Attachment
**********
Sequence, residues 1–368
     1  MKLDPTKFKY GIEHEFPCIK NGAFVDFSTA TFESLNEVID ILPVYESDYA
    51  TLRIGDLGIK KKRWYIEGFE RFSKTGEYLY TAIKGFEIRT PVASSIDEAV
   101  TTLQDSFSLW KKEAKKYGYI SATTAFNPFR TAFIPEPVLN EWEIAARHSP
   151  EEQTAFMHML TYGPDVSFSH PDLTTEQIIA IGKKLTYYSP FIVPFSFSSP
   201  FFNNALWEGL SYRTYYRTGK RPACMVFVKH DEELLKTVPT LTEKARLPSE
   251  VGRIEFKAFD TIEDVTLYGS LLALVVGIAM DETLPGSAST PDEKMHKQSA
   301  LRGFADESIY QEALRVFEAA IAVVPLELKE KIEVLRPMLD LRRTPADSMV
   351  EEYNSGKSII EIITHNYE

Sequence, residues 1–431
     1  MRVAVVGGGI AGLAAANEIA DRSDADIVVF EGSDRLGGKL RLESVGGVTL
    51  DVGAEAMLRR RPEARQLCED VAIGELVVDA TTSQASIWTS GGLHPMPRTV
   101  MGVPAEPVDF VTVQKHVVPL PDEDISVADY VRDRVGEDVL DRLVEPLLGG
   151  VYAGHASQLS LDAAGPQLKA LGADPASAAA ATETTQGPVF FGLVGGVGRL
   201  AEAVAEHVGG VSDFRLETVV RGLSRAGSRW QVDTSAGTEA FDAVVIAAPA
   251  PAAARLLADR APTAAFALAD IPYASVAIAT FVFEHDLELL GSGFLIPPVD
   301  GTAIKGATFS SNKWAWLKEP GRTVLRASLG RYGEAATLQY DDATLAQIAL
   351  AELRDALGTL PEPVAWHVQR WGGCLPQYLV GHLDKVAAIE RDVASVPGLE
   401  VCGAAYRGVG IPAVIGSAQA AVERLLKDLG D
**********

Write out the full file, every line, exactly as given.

Sequence, residues 1–368
     1  MKLDPTKFKY GIEHEFPCIK NGAFVDFSTA TFESLNEVID ILPVYESDYA
    51  TLRIGDLGIK KKRWYIEGFE RFSKTGEYLY TAIKGFEIRT PVASSIDEAV
   101  TTLQDSFSLW KKEAKKYGYI SATTAFNPFR TAFIPEPVLN EWEIAARHSP
   151  EEQTAFMHML TYGPDVSFSH PDLTTEQIIA IGKKLTYYSP FIVPFSFSSP
   201  FFNNALWEGL SYRTYYRTGK RPACMVFVKH DEELLKTVPT LTEKARLPSE
   251  VGRIEFKAFD TIEDVTLYGS LLALVVGIAM DETLPGSAST PDEKMHKQSA
   301  LRGFADESIY QEALRVFEAA IAVVPLELKE KIEVLRPMLD LRRTPADSMV
   351  EEYNSGKSII EIITHNYE

Sequence, residues 1–431
     1  MRVAVVGGGI AGLAAANEIA DRSDADIVVF EGSDRLGGKL RLESVGGVTL
    51  DVGAEAMLRR RPEARQLCED VAIGELVVDA TTSQASIWTS GGLHPMPRTV
   101  MGVPAEPVDF VTVQKHVVPL PDEDISVADY VRDRVGEDVL DRLVEPLLGG
   151  VYAGHASQLS LDAAGPQLKA LGADPASAAA ATETTQGPVF FGLVGGVGRL
   201  AEAVAEHVGG VSDFRLETVV RGLSRAGSRW QVDTSAGTEA FDAVVIAAPA
   251  PAAARLLADR APTAAFALAD IPYASVAIAT FVFEHDLELL GSGFLIPPVD
   301  GTAIKGATFS SNKWAWLKEP GRTVLRASLG RYGEAATLQY DDATLAQIAL
   351  AELRDALGTL PEPVAWHVQR WGGCLPQYLV GHLDKVAAIE RDVASVPGLE
   401  VCGAAYRGVG IPAVIGSAQA AVERLLKDLG D